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Species Rhododendrons Descriptions By Name
R. decorum ssp. decorum

R. decorum is a reliable "good-doer" that adds fragrance to its flowers and fills the garden with sweet scents in May or June. There's nothing decorous about R. decorum; it's not the perfect ball; it's a ballerina, throwing a branch here or there as it waltzes its way through your garden, growing into its other name, "the great white rhododendron" (at least not "the great white whale"). Yes, it will get large with time - say 20 or 30 years, but in the meantime you can enjoy it as the gem that it is.

Widespread in the wild (we often say, "Oh it's just an R. decorum. Keep driving. No need to stop."), it nevertheless should not be ignored.  Say 15 feet in 20 years with enough fragrance to knock you to your knees - who could ask for more?

decorum ssp. decorum
decorum ssp. diaprepes
degronianum heptamerum
R. decorum ssp. diaprepes

R. decorum ssp. diaprepes is just a low elevation R, decorum ssp. decorum. While the flowers may be bigger in some forms, R. decorum ssp. diaprepes  is more tender than its higher elevation cousin. Only for those who have to have one of everything or who live in the warmest of climes.

R. degronianum ssp. heptamerum var hondoense

To make matters worse, this plant has been known as R. metternichii for years!  Whatever the name, the plant is superb with soft felty new growth and stunning pink flowers.


Our plants are grown from seed we collected in Yoshino-Kamano National Park high in the mountains south of Kyoto.  It makes a compact  shrub that may reach five feet in ten years and wants a mix of sun and shade. It is hardy to -15°F - it's cold in those Japanese mountains.

degronianum yakushimanum
R. degronianum ssp. yakushimanum

R. degronianum ssp. yakushimanum is the victim of plant abuse! Because of its wonderful attributes, it has been subject to much hybridization, but few hybrids have succeeded in improving on Mother Nature. Frosty overtones on recurved leaves, thick indumentum and compact habit on the best forms make this Japanese beauty unbeatable in its natural state. “Regal” understates it.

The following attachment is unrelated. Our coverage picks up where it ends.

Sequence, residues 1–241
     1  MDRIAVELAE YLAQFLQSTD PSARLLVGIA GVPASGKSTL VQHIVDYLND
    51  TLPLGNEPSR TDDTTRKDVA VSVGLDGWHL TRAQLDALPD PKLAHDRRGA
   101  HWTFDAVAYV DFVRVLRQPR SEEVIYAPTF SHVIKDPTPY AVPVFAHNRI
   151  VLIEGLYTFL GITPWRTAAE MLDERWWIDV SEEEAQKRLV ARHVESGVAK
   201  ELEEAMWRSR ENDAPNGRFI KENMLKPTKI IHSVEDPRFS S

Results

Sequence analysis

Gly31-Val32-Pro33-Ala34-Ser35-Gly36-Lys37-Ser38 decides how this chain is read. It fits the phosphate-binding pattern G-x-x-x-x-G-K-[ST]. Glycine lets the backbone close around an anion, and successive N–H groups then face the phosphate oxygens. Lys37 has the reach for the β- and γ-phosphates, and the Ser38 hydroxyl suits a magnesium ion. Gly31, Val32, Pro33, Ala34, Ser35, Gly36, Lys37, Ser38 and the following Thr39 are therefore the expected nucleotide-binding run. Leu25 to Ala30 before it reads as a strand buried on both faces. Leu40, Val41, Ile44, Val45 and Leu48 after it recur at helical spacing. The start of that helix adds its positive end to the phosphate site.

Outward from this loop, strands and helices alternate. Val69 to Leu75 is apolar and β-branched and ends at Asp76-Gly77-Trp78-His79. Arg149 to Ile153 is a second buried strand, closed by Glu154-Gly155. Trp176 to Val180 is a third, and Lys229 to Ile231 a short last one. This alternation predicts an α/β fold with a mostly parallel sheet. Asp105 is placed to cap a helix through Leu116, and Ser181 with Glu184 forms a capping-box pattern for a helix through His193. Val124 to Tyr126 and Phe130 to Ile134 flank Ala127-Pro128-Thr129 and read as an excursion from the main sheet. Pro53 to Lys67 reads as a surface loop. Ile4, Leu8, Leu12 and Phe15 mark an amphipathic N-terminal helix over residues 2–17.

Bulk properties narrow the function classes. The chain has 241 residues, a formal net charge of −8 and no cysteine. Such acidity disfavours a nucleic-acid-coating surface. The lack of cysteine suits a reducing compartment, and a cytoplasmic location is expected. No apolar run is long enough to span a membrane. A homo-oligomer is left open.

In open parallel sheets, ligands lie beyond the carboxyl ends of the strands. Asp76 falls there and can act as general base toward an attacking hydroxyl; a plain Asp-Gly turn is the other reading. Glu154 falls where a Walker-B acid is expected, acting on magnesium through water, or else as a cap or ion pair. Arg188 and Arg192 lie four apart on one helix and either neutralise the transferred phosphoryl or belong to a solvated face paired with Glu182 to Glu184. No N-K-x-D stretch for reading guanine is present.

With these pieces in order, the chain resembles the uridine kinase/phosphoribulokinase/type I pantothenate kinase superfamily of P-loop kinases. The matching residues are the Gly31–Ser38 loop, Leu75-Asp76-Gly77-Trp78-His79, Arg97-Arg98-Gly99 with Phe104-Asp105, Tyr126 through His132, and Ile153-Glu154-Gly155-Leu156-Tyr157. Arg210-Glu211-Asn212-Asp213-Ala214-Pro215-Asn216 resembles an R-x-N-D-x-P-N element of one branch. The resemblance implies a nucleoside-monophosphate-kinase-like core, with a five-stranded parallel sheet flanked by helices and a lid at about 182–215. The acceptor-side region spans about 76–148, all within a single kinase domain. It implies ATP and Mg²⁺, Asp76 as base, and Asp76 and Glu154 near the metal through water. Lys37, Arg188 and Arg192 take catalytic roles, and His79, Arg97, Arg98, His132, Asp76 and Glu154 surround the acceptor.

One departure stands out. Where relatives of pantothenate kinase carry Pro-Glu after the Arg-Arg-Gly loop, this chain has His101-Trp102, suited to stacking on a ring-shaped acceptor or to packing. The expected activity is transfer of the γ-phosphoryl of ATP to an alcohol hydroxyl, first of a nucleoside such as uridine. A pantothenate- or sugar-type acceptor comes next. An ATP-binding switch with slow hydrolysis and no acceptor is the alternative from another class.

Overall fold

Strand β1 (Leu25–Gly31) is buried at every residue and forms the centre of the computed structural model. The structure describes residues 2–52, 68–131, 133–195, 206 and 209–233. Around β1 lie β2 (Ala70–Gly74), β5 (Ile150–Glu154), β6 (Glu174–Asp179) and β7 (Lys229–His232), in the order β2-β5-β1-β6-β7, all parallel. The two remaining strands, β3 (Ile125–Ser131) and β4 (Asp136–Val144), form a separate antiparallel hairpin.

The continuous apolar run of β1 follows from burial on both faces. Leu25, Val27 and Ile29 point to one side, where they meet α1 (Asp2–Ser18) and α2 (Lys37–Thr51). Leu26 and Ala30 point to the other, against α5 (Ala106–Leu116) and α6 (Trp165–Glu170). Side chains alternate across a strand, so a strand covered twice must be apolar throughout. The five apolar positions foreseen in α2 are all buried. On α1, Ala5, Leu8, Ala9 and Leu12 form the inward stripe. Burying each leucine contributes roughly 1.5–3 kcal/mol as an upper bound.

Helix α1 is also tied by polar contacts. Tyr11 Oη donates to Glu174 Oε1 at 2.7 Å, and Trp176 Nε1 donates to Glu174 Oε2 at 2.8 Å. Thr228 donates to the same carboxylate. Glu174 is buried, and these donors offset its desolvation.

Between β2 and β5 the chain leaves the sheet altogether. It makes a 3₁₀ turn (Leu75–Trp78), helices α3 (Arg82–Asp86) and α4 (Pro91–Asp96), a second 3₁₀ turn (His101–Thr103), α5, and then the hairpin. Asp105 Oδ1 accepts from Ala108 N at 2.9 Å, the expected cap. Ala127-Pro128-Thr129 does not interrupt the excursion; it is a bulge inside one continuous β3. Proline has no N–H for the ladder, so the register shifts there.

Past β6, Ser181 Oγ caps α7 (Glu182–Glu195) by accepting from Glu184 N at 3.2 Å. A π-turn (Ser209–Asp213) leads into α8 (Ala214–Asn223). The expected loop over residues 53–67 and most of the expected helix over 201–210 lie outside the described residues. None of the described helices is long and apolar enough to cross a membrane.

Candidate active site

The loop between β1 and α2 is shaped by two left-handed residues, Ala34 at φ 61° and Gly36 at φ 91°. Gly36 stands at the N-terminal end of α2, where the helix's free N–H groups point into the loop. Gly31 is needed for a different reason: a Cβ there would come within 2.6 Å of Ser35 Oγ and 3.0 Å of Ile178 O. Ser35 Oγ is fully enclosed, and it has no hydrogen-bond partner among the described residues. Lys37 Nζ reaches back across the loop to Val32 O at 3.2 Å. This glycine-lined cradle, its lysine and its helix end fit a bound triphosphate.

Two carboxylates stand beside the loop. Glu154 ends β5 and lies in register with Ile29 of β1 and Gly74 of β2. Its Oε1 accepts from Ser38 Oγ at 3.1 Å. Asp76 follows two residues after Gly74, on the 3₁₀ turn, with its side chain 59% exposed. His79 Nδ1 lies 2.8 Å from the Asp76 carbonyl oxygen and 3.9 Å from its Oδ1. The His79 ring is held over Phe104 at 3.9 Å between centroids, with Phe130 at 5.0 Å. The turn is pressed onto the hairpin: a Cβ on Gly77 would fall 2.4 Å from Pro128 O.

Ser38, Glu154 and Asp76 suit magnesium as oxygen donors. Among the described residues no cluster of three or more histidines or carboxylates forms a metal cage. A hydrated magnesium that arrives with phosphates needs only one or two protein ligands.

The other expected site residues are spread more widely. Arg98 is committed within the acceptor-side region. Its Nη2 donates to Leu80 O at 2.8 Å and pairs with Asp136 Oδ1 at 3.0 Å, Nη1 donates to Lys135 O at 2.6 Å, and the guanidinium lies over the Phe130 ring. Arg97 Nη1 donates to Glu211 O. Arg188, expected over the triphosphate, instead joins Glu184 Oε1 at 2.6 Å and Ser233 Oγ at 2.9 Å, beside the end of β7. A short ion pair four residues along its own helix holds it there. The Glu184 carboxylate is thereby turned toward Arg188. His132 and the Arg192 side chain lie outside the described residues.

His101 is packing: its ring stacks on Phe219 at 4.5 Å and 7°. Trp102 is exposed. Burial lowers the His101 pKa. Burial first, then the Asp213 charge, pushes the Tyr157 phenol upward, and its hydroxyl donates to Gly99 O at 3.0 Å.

Flowers are pure white, sometimes with a touch of pink. Coming from the slopes of Mt. Yakushima in Japan, ultimate height varies with different forms of this much grown plant.  This rhody likes the sun and tolerates light shade (but don’t cook it in strong late afternoon sun). We expect 2 -3 foot mounds in ten years from our selections. It's often known by its shortened moniker - yak.

R. dendrocharis

This rhododendron will not eat you out of house and home.  It might reach two feet tall, but then again it might not.  What it will do is reward you with fairly large (7/8 inch) flat flowers in ones and two’s in bright pink in late March.  In the meantime the much smaller glossy leaves serve as the perfect backdrop on a plant that makes a dainty well behaved little mound.  This is a recent introduction from Sichuan that is sure to become a favorite.

R. dendrocharis is a choice dwarf that is free flowering.  It grows as an epiphyte in the wild, always living in trees and not in the ground. We suggest growing it on a stump or in a basket. Think of it as an orchid. It requires excellent drainage in your garden.  It enjoys having a fair amount of sun but doesn’t want to be baked.  It should be fairly drought tolerant once it is established.

R. dichroanthum

R. dicroanthum comes in four different subspecies which are all so similar that they are not worth separating. You can determine the severity of your rhodoholic disease by your need to have one of each.

Meanwhile, whichever form you have, you will be rewarded with striking flowers in shades of orange, yellow-red or (rarely) carmine, mid-season to a bit later.  Undersides of the leaves have a compact silver to fawn indumentum.

R. dichroanthum might grow to four feet in ten years.  It likes mixed sun and shade but wants light in order to stay compact. Good drainage is a must. It is hardy to 0°F.

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